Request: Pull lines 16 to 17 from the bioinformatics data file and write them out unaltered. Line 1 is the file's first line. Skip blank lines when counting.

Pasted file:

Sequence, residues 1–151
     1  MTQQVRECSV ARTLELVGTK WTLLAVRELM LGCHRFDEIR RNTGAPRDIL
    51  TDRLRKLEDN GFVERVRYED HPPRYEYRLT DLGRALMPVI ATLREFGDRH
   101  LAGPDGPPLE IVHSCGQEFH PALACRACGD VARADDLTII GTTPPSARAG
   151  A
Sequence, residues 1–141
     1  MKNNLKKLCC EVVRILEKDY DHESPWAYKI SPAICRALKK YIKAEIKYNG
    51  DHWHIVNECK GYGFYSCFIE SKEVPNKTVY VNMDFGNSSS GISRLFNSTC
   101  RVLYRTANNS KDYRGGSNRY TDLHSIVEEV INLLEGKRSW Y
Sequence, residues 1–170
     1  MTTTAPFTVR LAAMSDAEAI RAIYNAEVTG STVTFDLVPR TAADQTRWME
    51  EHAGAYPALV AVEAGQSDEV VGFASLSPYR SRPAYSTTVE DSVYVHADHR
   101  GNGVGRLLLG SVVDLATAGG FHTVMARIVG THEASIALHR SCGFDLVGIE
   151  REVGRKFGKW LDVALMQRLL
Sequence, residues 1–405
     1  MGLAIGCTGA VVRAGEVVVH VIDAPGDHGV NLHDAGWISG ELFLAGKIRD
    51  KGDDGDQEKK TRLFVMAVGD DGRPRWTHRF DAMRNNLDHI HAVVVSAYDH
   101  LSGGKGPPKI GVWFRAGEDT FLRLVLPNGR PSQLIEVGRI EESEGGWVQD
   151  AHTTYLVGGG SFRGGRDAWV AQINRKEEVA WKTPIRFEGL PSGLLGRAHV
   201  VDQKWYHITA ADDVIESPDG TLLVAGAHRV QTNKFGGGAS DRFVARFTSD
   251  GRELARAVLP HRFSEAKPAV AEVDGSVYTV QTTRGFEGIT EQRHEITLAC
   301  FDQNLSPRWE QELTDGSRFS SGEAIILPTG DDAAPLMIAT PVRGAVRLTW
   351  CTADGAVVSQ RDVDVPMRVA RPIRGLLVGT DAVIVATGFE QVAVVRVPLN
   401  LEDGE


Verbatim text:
     1  MGLAIGCTGA VVRAGEVVVH VIDAPGDHGV NLHDAGWISG ELFLAGKIRD
    51  KGDDGDQEKK TRLFVMAVGD DGRPRWTHRF DAMRNNLDHI HAVVVSAYDH